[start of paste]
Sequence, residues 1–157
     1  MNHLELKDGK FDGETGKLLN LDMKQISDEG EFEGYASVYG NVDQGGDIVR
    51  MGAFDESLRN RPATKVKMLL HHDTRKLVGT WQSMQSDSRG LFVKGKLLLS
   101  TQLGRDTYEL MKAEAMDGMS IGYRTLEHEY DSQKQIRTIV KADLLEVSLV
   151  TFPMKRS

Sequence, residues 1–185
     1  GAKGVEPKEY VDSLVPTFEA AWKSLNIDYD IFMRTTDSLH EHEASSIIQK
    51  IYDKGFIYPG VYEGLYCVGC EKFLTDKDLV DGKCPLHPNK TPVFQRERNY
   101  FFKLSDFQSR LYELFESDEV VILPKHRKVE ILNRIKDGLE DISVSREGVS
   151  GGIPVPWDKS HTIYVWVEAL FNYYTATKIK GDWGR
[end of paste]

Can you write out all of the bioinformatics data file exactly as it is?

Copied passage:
Sequence, residues 1–157
     1  MNHLELKDGK FDGETGKLLN LDMKQISDEG EFEGYASVYG NVDQGGDIVR
    51  MGAFDESLRN RPATKVKMLL HHDTRKLVGT WQSMQSDSRG LFVKGKLLLS
   101  TQLGRDTYEL MKAEAMDGMS IGYRTLEHEY DSQKQIRTIV KADLLEVSLV
   151  TFPMKRS

Sequence, residues 1–185
     1  GAKGVEPKEY VDSLVPTFEA AWKSLNIDYD IFMRTTDSLH EHEASSIIQK
    51  IYDKGFIYPG VYEGLYCVGC EKFLTDKDLV DGKCPLHPNK TPVFQRERNY
   101  FFKLSDFQSR LYELFESDEV VILPKHRKVE ILNRIKDGLE DISVSREGVS
   151  GGIPVPWDKS HTIYVWVEAL FNYYTATKIK GDWGR